Friday, November 30, 2012

Shadings of Neighborly Love

Stamford has a wonderful community Hebrew High School program called Kulanu.  This trimester, I am teaching a comparative religions class, and the students, primarily ninth graders, have really gotten into it.  Two weeks ago we engaged in an interfaith dialogue with teens from a local church - it was one of the most fruitful dialogue sessions that I've ever experienced.  No defensiveness, lots of honesty and curiosity, all in the spirit of sharing.  The teens came out of it with renewed pride in their own faith and with greater respect for the Other.  As my friend Rev. Douglas McArthur remarked later, his teens felt that they had brought the world a little closer to peace and understanding that day.

This week, we discussed the Golden Rule and how it manifests itself in different world religions.  It's interesting how the general thrust is quite universal, but each religion gives it a slightly different spin.  Native Americans, for example, speaks less of how we treat other people and more of how we should treat the earth.  Some faiths go "negative" (like Hillel), as in don't do to others what you don't like done to you.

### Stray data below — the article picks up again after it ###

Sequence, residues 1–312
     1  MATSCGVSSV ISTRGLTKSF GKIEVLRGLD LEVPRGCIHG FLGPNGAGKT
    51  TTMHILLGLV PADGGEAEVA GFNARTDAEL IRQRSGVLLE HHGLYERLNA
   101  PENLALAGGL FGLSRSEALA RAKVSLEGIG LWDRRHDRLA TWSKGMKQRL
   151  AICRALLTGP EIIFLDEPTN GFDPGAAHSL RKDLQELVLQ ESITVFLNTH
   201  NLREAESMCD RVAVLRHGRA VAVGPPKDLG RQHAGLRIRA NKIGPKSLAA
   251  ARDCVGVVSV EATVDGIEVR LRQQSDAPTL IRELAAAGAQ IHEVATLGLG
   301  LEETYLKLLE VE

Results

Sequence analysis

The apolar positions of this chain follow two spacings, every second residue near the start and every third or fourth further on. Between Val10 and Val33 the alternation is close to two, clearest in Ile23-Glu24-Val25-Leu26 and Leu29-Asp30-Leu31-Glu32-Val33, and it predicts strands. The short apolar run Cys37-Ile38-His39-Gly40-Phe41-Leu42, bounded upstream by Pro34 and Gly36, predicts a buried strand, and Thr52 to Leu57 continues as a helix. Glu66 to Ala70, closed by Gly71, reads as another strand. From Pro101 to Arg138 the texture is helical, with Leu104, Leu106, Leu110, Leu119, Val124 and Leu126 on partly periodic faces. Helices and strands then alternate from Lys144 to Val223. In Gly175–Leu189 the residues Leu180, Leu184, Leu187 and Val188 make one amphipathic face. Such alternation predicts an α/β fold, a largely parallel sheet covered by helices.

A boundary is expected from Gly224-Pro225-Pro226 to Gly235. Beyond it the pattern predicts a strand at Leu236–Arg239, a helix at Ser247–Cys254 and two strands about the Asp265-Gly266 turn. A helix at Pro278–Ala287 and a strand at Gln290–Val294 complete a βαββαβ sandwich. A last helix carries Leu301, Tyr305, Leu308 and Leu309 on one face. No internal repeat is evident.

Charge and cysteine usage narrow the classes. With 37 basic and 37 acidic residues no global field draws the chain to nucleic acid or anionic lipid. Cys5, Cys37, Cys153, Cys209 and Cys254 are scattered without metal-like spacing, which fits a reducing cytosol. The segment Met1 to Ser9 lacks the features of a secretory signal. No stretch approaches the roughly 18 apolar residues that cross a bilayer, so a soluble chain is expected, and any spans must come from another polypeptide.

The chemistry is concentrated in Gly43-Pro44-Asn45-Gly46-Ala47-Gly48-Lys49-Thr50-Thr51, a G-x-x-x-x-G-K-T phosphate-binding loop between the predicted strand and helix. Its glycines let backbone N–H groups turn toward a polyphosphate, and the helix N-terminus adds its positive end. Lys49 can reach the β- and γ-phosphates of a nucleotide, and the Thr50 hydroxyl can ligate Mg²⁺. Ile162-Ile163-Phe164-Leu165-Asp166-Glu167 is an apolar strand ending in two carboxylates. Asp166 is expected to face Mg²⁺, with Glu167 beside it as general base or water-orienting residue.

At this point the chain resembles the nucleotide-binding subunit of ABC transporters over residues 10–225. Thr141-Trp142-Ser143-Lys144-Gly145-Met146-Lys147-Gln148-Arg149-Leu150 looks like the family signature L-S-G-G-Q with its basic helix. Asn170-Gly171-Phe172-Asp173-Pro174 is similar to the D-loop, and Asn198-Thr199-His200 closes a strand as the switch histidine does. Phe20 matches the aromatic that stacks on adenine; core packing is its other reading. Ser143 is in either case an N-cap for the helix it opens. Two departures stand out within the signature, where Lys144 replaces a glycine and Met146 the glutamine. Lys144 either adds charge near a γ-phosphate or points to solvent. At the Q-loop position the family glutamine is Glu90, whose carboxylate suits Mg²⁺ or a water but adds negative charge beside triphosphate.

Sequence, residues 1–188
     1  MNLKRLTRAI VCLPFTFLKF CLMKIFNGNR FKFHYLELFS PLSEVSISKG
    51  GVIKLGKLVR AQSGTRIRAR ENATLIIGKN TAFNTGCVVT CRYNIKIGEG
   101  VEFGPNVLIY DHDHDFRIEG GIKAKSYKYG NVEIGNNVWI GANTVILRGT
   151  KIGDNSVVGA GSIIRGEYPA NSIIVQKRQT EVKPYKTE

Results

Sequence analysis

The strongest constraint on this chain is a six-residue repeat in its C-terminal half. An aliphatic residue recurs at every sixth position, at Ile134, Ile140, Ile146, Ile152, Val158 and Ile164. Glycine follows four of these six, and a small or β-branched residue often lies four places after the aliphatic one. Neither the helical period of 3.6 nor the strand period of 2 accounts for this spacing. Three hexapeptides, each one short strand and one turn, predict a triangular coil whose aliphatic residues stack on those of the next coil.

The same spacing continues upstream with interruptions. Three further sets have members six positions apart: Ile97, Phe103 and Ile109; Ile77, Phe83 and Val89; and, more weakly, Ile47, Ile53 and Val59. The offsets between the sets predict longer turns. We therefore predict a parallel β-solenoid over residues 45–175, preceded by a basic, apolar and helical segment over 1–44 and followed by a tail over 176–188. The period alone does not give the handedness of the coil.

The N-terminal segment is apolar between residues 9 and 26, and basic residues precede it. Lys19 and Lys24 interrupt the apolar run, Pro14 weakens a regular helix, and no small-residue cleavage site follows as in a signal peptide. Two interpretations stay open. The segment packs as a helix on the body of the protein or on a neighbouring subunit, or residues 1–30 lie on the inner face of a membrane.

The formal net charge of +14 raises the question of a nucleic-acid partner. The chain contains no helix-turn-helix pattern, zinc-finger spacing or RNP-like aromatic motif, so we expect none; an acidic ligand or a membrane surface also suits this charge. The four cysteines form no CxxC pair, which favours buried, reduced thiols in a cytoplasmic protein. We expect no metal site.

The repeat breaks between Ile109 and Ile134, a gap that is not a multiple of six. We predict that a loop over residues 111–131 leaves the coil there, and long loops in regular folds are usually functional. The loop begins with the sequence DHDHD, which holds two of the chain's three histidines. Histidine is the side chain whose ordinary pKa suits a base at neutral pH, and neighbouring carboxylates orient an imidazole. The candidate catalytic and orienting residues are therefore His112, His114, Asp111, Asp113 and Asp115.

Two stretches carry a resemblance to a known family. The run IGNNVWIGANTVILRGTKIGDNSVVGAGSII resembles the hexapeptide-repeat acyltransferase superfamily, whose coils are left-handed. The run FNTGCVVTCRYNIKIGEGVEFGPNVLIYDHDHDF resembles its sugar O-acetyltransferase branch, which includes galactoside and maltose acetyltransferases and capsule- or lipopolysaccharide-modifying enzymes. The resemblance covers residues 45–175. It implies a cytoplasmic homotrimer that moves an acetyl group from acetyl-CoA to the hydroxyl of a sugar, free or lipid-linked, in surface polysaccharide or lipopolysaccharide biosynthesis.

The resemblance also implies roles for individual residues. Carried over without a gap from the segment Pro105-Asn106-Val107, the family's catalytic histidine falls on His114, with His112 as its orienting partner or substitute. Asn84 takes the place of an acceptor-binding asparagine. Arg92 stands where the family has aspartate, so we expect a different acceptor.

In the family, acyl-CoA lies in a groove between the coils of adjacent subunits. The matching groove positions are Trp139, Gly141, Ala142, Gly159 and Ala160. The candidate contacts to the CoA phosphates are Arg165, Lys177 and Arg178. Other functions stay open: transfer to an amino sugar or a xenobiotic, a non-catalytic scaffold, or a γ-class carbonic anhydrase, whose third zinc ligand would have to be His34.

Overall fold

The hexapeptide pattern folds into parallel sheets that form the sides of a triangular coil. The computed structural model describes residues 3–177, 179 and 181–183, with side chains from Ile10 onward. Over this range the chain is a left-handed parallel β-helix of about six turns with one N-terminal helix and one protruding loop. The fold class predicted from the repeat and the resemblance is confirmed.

Take a look at the chart below (click to enlarge), and imagine the globe in the middle as not simply the earth, but the ultimate Truth that all religions seek to locate.  We are each coming from a different place, each giving the truth our unique shading.  Ultimately, the hope is that we will meet in the middle, where the Real Truth resides.

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